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search system," says del Castillo. They
hope to be able to monetize the system
through advertisements, as they will
regularly reach a broad spectrum of the
international scientific community.
COMPUTATIONS FOR THE
Search optimization also inspired Ignasi
Belda when he and his partners in Barce-
lona created Intelligent Phar ma, "a kind of
a Google for compounds," says Belda.
They've developed a computerized sys-
tem called Helios to search for molecules
that might match the functions of ones
that researchers plug into the database.
"They connect to our website, they put
in the compound that they want to mimic,
and then they click 'search'," says Belda.
"Our supercomputer does the calcula-
tions to obtain a list of the compounds
that have the same biological activity as the
compound that the user introduced."
To do this, they've created algorithms
that calculate the physical and chemi-
cal properties of the molecule, in three-
dimensional space. "It's a kind of virtual
atom that we move around the compound,"
says Belda. By testing the virtual interac-
tions between the compound and their vir-
tual atom, they generate 22 different fields,
such as charge, hydrophobicity, and abil-
ity to accept hydrogen bonds. The system
runs through millions of compounds in a
database to determine which ones might
have the same fields, and thus perhaps the
"This might be helpful if you have a nat-
ural product that's difficult to synthesize
and you need another compound more
chemically available," says Belda.
The company's current research focus,
adds Belda, is to create software based
on artificial intelligence that will aid in
the creation of new compounds for dr ug
The founders of NorayBio, based in Bil-
bao, saw a need for advanced computations
and data analysis in the field of biotechnol-
ogy. The founders, with experience in bio-
technology, chemistry, and research, worked
in collaboration with companies and clients
to develop software to suit their needs.
Small companies and research groups
"were just using an Excel set," says Julio
Font, CEO. "Now that's changed; they
know they need specialized software for
managing data." NorayBio designs soft-
ware for managing sample banks (such as
DNA or tissue samples) that can be tai-
lored to meet a customer's needs.
The company is now developing a
visualization system for biomarkers, so
researchers can actually see the data in rela-
tionship to different biological pathways.
The first one in development is software to
visualize biomarkers in liver disease. "It's
been exciting to see the market evolution,"
says Font. "Two or three years ago poten-
tial customers said they could manage their
data with a simple spreadsheet, and now
they call and say, 'I need your software.'"
Integromics, a spinoff from the
National Center for Biotechnology begun
in 2003, has developed a number of solu-
tions to help companies manage and ana-
lyze their experimental gene-expression
data. The software takes all the infor ma-
tion created by a research instrument such
as a PCR machine and perfor ms the data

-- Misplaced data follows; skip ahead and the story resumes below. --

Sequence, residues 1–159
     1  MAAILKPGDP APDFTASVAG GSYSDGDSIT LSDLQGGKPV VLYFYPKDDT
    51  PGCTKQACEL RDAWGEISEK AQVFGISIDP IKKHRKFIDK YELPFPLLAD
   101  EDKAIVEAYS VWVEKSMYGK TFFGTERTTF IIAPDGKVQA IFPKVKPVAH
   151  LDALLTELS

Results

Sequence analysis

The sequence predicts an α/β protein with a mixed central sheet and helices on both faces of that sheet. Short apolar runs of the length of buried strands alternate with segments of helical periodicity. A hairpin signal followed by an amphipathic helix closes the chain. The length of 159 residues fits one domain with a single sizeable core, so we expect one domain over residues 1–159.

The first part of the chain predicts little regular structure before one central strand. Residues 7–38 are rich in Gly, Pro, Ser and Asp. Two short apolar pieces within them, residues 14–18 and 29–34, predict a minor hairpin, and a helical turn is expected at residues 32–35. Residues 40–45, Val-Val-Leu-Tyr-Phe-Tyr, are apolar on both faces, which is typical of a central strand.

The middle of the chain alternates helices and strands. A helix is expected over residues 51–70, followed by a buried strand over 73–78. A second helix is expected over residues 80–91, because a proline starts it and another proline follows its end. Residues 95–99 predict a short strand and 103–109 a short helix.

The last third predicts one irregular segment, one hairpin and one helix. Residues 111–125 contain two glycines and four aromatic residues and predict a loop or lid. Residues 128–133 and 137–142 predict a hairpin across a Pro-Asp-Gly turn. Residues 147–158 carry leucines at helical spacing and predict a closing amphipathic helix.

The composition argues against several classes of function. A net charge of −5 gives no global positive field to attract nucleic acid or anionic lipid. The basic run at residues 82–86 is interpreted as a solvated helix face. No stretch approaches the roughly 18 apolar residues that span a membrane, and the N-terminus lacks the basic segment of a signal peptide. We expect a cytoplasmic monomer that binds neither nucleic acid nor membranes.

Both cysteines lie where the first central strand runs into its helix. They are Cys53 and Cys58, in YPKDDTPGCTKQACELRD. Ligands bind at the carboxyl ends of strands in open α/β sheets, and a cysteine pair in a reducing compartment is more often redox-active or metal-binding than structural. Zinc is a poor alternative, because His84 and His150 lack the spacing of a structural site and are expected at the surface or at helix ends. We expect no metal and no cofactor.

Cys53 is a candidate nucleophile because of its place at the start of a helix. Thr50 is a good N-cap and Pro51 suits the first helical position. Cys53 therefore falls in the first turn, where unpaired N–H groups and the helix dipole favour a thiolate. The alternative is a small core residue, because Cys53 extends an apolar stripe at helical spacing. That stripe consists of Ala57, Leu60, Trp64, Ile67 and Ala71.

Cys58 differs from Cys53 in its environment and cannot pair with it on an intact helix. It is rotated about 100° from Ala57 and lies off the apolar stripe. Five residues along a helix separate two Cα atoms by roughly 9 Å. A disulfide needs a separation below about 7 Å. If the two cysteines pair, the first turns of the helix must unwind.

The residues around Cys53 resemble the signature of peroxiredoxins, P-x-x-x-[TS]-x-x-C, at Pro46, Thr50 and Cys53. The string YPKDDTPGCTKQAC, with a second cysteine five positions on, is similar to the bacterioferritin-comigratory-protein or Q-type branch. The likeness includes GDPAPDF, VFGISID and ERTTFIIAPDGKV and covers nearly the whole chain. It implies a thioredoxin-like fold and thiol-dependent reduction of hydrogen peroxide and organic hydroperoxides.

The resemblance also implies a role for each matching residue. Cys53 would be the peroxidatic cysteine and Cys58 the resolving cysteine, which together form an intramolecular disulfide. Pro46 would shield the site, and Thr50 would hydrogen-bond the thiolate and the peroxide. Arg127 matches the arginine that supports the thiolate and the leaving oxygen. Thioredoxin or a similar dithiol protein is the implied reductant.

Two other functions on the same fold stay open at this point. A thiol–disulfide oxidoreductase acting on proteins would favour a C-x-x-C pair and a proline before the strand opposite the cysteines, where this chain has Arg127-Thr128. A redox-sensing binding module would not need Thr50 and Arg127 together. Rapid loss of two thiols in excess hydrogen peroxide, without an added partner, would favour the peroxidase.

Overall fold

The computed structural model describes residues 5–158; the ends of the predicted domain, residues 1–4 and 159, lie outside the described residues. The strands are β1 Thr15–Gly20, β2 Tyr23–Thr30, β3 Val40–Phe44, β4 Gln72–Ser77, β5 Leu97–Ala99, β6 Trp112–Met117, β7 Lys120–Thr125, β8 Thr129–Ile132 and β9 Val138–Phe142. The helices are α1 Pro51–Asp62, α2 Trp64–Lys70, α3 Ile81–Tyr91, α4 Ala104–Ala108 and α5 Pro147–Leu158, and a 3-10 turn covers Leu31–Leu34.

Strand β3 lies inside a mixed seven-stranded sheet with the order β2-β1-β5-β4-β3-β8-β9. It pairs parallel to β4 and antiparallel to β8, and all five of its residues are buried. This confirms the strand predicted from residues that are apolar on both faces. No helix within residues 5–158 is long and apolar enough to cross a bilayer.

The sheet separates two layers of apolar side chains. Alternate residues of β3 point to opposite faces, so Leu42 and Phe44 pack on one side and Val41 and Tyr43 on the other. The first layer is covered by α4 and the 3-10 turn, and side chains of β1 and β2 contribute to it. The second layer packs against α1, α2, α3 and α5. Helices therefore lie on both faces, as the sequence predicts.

analysis for the scientist. The company's
founders have focused their sights inter-
nationally, and they count companies like
Pfizer and Novartis among their clients.
"Usually it takes time for a small com-
pany to build up a base," says Marco
system won't allow such a case to be brought to court. "A key
differentiating factor between the U.S. and Europe, particularly
Spain, is the access to fresh human samples," he says.
Ballesteros left his company in San Diego and brought some
of his team to Spain, where in 2007 he founded a new company,
Vivia Biotech, with his brother Andres.
Vivia Biotech is partnering with hospitals that have samples
of blood and bone marrow samples, and signed consent forms,
from leukemia patients. He says his system can test thousands of
combinations of the less than a dozen approved leukemia drugs.
"We're already seeing tremendous differences" in how different
patients' cancers respond to different drug combinations, he
says. In theory, a doctor in the future would be able to send his
patient's blood in to be tested, and could get an answer back in
24 hours about the patient's best course of treatment.
"This is what doctors have been doing for years, one drug at a
time," says Ballesteros. "We're only altering the scale." Ballesteros
hopes that this method will be validated within a year.
Ballesteros doesn't stop there. He's particularly excited
about the prospect of using this machine to discover new
cancer-fighting drugs among existing, approved drugs that treat
Most researchers are investigating what genes or proteins
differ in cancer and trying to create molecules to kill cancer
that don't kill healthy cells, says Ballesteros, "but we do exactly
the opposite. We say, let's get all the drugs that don't kill you.
And of those, let's see if some of them kill cancer." He ticks
off antibiotics, drugs for the flu, for headaches, for Parkinson's.
So far, he says, "the data is amazing, much better than what
we had expected."
"We've found ten very safe drugs that have the same efficacy in
killing cancer as the harmful chemotherapy drugs," he says; but it
will take at least three to five years to go through the necessary
trials before any will be validated for cancer treatment.
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